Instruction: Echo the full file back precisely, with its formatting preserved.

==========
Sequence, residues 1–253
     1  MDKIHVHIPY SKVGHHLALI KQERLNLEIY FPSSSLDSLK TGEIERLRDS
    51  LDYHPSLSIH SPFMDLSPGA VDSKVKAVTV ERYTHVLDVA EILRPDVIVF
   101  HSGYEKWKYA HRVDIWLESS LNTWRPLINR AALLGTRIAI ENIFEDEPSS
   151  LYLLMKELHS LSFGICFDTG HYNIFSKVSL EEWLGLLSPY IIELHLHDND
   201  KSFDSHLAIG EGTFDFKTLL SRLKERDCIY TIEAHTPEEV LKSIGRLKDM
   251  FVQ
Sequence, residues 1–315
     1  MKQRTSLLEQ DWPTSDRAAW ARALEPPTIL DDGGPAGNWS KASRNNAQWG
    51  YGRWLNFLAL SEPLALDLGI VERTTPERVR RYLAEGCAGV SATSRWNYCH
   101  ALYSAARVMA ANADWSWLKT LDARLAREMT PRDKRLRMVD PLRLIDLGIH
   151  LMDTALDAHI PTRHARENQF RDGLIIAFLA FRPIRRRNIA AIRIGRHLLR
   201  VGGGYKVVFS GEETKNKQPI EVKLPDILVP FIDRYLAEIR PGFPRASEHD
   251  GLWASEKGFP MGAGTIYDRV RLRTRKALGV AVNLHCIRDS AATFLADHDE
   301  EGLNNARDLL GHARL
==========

Sequence, residues 1–253
     1  MDKIHVHIPY SKVGHHLALI KQERLNLEIY FPSSSLDSLK TGEIERLRDS
    51  LDYHPSLSIH SPFMDLSPGA VDSKVKAVTV ERYTHVLDVA EILRPDVIVF
   101  HSGYEKWKYA HRVDIWLESS LNTWRPLINR AALLGTRIAI ENIFEDEPSS
   151  LYLLMKELHS LSFGICFDTG HYNIFSKVSL EEWLGLLSPY IIELHLHDND
   201  KSFDSHLAIG EGTFDFKTLL SRLKERDCIY TIEAHTPEEV LKSIGRLKDM
   251  FVQ
Sequence, residues 1–315
     1  MKQRTSLLEQ DWPTSDRAAW ARALEPPTIL DDGGPAGNWS KASRNNAQWG
    51  YGRWLNFLAL SEPLALDLGI VERTTPERVR RYLAEGCAGV SATSRWNYCH
   101  ALYSAARVMA ANADWSWLKT LDARLAREMT PRDKRLRMVD PLRLIDLGIH
   151  LMDTALDAHI PTRHARENQF RDGLIIAFLA FRPIRRRNIA AIRIGRHLLR
   201  VGGGYKVVFS GEETKNKQPI EVKLPDILVP FIDRYLAEIR PGFPRASEHD
   251  GLWASEKGFP MGAGTIYDRV RLRTRKALGV AVNLHCIRDS AATFLADHDE
   301  EGLNNARDLL GHARL